This project was one of the first where we took inspiration from what we later came to know as “the field,” as defined in N. J. Habraken’s book Palladio’s Children – a collection of essays on the everyday environment and the architect. Though we’d not read Palladio’s Children at the time of this project, we subsequently recognized a shared affinity with the ideas in this text. Further, we weren’t comfortable with jingoistic ideas of Australian architecture. The Australia we knew was young and clever and progressive, and very suburban. We felt that it was possible to move beyond cultural cringe to find authenticity in the suburban fabric and engage with it.

The original Art Deco cottage of the Newmarket House was like a treasure to our clients – and to us. In its life it had been lovingly conceived, subsequently mistreated, discovered by our clients and partially restored. What resonated with us was that after generations of different owners, the house was as relevant and needed as ever. We wanted to make new work that might be just as loved sixty years on.

So began our awareness of ideas of lineage and custodianship. We wanted our work to respond appropriately, to stitch into the urban fabric and enhance the relevance of what is already there. We often work with old (by Brisbane standards) buildings and make new interventions to them. It’s an intimate process that encouraged us to develop respect for tradition, but also reminds us of the obligation to contribute to the future of our city.

The new living spaces respond to the “maquette of order and rigour” of the existing home.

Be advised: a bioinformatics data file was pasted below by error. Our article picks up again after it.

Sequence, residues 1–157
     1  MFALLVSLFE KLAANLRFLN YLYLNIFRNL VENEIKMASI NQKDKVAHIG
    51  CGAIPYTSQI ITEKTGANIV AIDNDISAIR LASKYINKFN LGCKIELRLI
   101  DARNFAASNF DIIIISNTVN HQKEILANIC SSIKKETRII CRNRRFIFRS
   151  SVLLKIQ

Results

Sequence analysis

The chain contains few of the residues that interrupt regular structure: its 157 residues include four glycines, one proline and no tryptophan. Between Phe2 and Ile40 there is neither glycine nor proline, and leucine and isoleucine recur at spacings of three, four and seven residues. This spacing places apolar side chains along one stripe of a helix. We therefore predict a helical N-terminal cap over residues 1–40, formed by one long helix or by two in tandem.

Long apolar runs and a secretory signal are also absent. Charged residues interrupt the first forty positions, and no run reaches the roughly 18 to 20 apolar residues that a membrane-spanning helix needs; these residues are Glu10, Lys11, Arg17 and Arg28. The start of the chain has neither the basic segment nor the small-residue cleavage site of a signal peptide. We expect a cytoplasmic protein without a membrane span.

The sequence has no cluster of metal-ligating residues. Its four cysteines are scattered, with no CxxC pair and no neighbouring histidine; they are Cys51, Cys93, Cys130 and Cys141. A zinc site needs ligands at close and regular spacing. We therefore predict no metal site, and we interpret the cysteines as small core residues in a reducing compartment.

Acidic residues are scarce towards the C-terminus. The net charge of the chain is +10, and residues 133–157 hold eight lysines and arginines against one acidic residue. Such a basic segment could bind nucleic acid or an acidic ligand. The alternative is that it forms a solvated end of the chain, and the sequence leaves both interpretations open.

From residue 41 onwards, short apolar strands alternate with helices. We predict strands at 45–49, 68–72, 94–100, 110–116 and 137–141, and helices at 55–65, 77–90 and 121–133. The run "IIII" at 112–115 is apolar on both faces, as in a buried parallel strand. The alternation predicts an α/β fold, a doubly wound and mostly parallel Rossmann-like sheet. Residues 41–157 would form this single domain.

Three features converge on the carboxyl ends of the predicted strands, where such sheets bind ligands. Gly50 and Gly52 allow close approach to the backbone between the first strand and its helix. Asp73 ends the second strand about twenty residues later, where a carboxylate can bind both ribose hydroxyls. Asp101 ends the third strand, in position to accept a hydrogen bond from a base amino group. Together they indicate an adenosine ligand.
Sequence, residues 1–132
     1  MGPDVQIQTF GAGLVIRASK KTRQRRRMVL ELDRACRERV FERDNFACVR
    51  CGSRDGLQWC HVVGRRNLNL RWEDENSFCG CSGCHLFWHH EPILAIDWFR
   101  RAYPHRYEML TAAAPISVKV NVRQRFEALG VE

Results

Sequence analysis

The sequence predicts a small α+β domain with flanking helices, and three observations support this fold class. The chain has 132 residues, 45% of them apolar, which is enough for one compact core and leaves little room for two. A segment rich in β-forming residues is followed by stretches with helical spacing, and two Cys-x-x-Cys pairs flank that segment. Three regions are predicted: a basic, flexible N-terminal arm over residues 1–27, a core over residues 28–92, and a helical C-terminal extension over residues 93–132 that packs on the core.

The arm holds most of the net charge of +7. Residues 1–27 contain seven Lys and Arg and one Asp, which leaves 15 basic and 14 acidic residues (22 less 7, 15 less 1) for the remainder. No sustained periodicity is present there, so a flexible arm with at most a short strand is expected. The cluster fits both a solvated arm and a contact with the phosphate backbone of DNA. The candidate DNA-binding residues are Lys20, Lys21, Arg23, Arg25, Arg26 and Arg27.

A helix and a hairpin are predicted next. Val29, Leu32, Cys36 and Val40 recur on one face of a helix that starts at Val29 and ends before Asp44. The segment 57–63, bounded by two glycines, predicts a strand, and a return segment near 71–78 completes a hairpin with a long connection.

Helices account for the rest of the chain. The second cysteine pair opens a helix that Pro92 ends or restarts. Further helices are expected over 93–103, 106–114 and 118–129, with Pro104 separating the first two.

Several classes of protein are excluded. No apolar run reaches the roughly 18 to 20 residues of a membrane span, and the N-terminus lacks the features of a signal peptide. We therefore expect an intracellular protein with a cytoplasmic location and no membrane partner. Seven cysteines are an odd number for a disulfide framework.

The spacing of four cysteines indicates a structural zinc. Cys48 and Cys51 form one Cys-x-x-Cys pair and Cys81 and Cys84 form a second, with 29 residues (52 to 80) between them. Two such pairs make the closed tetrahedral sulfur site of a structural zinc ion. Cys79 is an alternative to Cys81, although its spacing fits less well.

The new living spaces respond to the “maquette of order and rigour” of the existing home.

Image: Jon Linkins

Architectural discourse is often about physical things: bricks and mortar, material and movement, craft and space. Ten years later, the lessons learnt during the period of the Newmarket House seem to be about something clearer – the passage of time.

Architects also reflect upon ideas relating to time: patience, innovation, history, lineage, family generations, tradition and even Louis Kahn’s ideas of monumentality and silence. We want our buildings to have a future and we want them to belong to the past as well. We really did look forward to the day when the walls of this house were aged and the interior was full of books and rugs.

I always thought the strength of our work was in what we chose not to do, rather than what we did do. Working closely with buildings of the past and having license to change them taught us that time is an important barometer for design.

This project was first published in Houses 98 as part of the First House series where architects revisit their first built commission.

Credits

Architect
Owen and Vokes and Peters
Project Team
Paul Owen, Stuart Vokes, Aaron Peters
Consultants
Builder Carbines Constructions
Hydraulic engineer H Design Pty Ltd
Structural engineer Farr Engineers
Site details
Location Brisbane,  Qld,  Australia
Category Residential buildings
Type Alts and adds, Houses, Residential
Project Details
Status Built
Design, documentation 9 months
Construction 8 months

Source

Project

Published online: 6 Oct 2014
Words: Paul Owen
Images: Jon Linkins

Issue

Houses, June 2014